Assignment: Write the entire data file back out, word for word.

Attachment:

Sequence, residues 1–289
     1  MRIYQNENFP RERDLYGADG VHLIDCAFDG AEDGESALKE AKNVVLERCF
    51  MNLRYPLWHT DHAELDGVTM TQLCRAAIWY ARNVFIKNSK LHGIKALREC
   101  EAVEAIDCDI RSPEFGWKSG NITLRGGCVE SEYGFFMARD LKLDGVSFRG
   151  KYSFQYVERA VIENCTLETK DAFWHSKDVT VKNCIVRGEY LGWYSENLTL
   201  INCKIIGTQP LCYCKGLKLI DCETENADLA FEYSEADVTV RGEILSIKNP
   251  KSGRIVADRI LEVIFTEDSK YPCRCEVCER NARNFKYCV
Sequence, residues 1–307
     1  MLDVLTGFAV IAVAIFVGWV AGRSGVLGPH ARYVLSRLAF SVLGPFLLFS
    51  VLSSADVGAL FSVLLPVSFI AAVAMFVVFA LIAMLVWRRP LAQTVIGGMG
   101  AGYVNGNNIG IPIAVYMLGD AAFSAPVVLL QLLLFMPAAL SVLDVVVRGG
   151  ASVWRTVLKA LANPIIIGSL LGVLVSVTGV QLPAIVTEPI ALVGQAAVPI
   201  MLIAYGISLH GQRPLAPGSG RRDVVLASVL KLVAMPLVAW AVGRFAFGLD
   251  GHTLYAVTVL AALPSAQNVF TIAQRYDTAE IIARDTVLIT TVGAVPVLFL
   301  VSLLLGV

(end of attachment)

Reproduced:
Sequence, residues 1–289
     1  MRIYQNENFP RERDLYGADG VHLIDCAFDG AEDGESALKE AKNVVLERCF
    51  MNLRYPLWHT DHAELDGVTM TQLCRAAIWY ARNVFIKNSK LHGIKALREC
   101  EAVEAIDCDI RSPEFGWKSG NITLRGGCVE SEYGFFMARD LKLDGVSFRG
   151  KYSFQYVERA VIENCTLETK DAFWHSKDVT VKNCIVRGEY LGWYSENLTL
   201  INCKIIGTQP LCYCKGLKLI DCETENADLA FEYSEADVTV RGEILSIKNP
   251  KSGRIVADRI LEVIFTEDSK YPCRCEVCER NARNFKYCV
Sequence, residues 1–307
     1  MLDVLTGFAV IAVAIFVGWV AGRSGVLGPH ARYVLSRLAF SVLGPFLLFS
    51  VLSSADVGAL FSVLLPVSFI AAVAMFVVFA LIAMLVWRRP LAQTVIGGMG
   101  AGYVNGNNIG IPIAVYMLGD AAFSAPVVLL QLLLFMPAAL SVLDVVVRGG
   151  ASVWRTVLKA LANPIIIGSL LGVLVSVTGV QLPAIVTEPI ALVGQAAVPI
   201  MLIAYGISLH GQRPLAPGSG RRDVVLASVL KLVAMPLVAW AVGRFAFGLD
   251  GHTLYAVTVL AALPSAQNVF TIAQRYDTAE IIARDTVLIT TVGAVPVLFL
   301  VSLLLGV